Bettie Page: Dark Angel and How to Pose Nude by Bunny Yaeger (2005) from Johnny Web (Uncle Scoopy; Greg Wroblewski)

(The two DVDs are sold as a set.)

Bettie Page was the queen of the fetish pin-ups in the early 1950s. She first posed for various camera clubs, then appeared in some fetish magazines like Black Nylons until she became New York's top model in her specialized and sexy field. Some of her most famous work was done for Irving Klaw, who ran a Manhattan-based mail order company specializing in light bondage photographs and videos. Bettie and the legendary photographer Bunny Yaeger teamed up in 1954 for a notorious jungle-themed session with two live cheetahs at a wildlife park, and Yaeger subsequently sent Bettie's pictures to Hugh Hefner, who was impressed enough to make Bettie Page his Playboy centerfold in January of 1955, which represented the summit of her popularity. Her career ended shortly after the Senate's "Kefauver Hearings" in which a senate subcommittee ended up shutting down Irving Klaw's mail order business. By the time she left the business, Page had gotten married, and had become interested in Christianity, so once she left the modeling business in 1958, she never looked back. She disappeared from public life for decades, and gradually disappeared from the cultural consciousness until a Bettie Page revival in the 1980s. In the 21st century, the combination of DVD and the internet has raised the public's awareness of her to a point where she is just as popular as in her prime.

Bettie Page: Dark Angel is a short (75 min) film which offers a thumbnail overview of the last three years of the public part of Bettie's life. It is a stilted, low-budget (less than six figures), amateurish affair with a dull script and some painfully bad line readings, but fans and students of Bettie's output may find it interesting for one reason. When Irving Klaw shut down his business, he burned his Bettie Page fetish videos to avoid future prosecutions and subpoenas. Bettie Page: Dark Angel makes a meticulous attempt to re-create some of those old vids as they would have looked, right down to the funky direct lighting. The 16mm B&W re-creations, shown in their entirety, occupy about half of the film's 75 minutes of running time. The film itself is in color and appears to have been shot on digital video. It contains absolutely no nudity, although there is some flesh in the special features. The star, Paige Richards, does resemble Bettie Page, and has the same radiant, innocent smile, but does not have a Tennessee accent. The director chose another actress to do the voice-over narration, and she does read her lines like a professional actress, but she couldn't manage to simulate an authentic Tennessee accent either, sounding like a cross between a Northerner trying to mimic somebody from Savannah, and Vivien Leigh as Blanche DuBois. For reasons not clear to me at all, the "actor" who plays Senator Estes Kefauver (another native Tennessean) does so with a heavy German accent! The film co-stars an actor named Dukey Flyswatter as Irving Klaw, and I think it goes without saying that this is probably the Citizen Kane of Dukey Flyswatter movies, although I haven't seen Dukey's other appearance -  in 1999's Cool Air, in which he assailed the challenging role of "street bum."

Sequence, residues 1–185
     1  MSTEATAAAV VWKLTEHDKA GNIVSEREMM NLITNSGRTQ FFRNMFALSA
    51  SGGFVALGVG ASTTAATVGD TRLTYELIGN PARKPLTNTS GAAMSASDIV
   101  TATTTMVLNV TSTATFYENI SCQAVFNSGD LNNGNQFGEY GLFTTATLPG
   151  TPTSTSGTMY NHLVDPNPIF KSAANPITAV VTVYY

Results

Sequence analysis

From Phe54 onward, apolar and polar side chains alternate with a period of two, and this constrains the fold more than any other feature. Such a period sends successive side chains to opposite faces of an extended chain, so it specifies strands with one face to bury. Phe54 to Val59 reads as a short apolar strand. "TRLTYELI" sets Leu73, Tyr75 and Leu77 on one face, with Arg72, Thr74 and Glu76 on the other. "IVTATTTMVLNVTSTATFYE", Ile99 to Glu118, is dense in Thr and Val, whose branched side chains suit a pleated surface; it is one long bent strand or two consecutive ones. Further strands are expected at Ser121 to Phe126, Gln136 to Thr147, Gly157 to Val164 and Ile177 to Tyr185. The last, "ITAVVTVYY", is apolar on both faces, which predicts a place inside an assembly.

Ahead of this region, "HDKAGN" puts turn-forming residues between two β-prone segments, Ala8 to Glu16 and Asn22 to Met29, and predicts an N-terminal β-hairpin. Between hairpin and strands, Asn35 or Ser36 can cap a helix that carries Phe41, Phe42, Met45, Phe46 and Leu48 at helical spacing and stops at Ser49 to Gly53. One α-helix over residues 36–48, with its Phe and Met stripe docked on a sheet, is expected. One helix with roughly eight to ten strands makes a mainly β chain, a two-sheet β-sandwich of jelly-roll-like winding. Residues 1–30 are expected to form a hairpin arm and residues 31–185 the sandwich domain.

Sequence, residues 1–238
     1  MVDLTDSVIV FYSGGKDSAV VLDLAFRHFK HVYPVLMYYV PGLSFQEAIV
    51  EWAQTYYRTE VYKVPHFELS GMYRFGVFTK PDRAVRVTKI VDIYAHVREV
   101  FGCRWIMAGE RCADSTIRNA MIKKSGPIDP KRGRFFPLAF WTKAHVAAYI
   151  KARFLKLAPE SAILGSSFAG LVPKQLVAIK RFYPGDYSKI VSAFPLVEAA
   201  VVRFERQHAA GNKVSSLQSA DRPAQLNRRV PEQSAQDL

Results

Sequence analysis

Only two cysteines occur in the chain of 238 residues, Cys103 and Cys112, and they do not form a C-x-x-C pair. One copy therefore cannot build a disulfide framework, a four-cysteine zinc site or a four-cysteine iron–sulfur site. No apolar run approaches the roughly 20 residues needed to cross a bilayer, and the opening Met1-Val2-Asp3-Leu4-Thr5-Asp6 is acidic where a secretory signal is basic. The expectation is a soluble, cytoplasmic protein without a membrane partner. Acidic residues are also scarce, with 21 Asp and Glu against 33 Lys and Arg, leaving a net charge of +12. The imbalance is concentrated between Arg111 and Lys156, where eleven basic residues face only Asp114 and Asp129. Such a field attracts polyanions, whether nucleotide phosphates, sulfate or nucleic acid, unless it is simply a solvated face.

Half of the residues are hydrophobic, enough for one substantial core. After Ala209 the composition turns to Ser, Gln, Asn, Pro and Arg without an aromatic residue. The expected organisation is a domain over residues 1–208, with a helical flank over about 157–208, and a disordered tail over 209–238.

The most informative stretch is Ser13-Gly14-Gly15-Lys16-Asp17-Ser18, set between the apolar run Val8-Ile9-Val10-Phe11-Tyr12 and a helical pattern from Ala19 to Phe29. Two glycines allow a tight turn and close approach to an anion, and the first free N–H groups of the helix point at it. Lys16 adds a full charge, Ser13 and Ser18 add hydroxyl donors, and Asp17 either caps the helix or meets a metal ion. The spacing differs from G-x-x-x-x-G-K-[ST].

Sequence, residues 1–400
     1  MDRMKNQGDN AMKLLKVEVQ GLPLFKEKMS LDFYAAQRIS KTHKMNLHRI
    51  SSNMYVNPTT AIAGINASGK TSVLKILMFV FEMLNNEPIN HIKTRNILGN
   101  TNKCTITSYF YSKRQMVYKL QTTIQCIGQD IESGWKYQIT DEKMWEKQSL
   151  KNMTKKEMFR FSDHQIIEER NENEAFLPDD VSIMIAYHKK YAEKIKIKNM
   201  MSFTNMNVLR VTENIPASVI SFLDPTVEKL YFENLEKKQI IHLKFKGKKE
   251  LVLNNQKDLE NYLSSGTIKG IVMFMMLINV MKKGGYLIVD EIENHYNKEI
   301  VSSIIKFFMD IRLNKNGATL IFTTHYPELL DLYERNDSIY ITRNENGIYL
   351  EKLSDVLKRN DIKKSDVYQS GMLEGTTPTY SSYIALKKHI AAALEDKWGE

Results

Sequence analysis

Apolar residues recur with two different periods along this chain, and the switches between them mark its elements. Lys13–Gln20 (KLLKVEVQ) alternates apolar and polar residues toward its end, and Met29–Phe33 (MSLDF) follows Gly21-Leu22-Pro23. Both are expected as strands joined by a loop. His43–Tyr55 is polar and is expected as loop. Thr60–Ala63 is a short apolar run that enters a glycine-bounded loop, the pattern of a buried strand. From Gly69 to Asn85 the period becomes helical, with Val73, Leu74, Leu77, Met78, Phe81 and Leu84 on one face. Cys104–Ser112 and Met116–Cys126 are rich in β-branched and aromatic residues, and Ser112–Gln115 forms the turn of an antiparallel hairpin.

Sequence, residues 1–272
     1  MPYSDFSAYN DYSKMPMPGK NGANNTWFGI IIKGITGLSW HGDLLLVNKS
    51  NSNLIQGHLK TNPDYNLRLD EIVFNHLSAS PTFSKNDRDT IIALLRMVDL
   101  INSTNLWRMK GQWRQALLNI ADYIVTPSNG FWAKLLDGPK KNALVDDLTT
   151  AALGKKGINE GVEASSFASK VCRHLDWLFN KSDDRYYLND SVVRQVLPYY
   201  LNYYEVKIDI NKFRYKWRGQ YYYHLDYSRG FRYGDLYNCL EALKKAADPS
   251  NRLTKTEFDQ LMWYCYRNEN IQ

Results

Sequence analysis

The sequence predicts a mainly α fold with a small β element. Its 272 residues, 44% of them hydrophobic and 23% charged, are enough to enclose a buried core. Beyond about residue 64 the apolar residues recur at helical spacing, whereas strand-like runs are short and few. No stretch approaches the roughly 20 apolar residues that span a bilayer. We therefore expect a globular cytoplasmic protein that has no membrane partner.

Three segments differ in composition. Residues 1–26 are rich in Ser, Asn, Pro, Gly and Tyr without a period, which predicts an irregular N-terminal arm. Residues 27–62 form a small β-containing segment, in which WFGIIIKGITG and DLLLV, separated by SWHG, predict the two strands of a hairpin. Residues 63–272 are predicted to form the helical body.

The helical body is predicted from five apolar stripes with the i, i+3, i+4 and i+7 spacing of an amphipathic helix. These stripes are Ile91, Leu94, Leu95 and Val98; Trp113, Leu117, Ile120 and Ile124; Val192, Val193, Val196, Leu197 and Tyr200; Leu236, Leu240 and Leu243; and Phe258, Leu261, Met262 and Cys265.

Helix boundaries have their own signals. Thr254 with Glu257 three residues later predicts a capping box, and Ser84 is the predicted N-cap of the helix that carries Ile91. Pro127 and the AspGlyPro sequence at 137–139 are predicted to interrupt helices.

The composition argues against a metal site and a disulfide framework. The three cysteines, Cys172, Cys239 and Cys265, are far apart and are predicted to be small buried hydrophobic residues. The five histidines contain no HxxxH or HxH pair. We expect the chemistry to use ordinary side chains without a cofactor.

This comment from an IMDb member sums things up fairly well (all the words are his, but I have edited somewhat):

I saw it during the 2004 San Francisco Film Festival. Before it started the owner of the theatre got up and told us how half the audience had left the theatre the night before, which happened to be its "world premiere." I don't think anyone in the theatre understood just how bad the movie was going to be at that point. We all understood by the end.

A scene would start, then someone would say, "Wow! You're so great Bettie, why don't we make another movie?" This would be followed by five minutes of a Bettie Page remake which was almost as ridiculous as (and even more boring than) the normal part of the movie. By the end of the movie people were laughing every time another Bettie Page movie remake came up. I heard a lot of laughter in that theatre, but people were not laughing with the movie maker, they were laughing at the movie and its poor content and structure.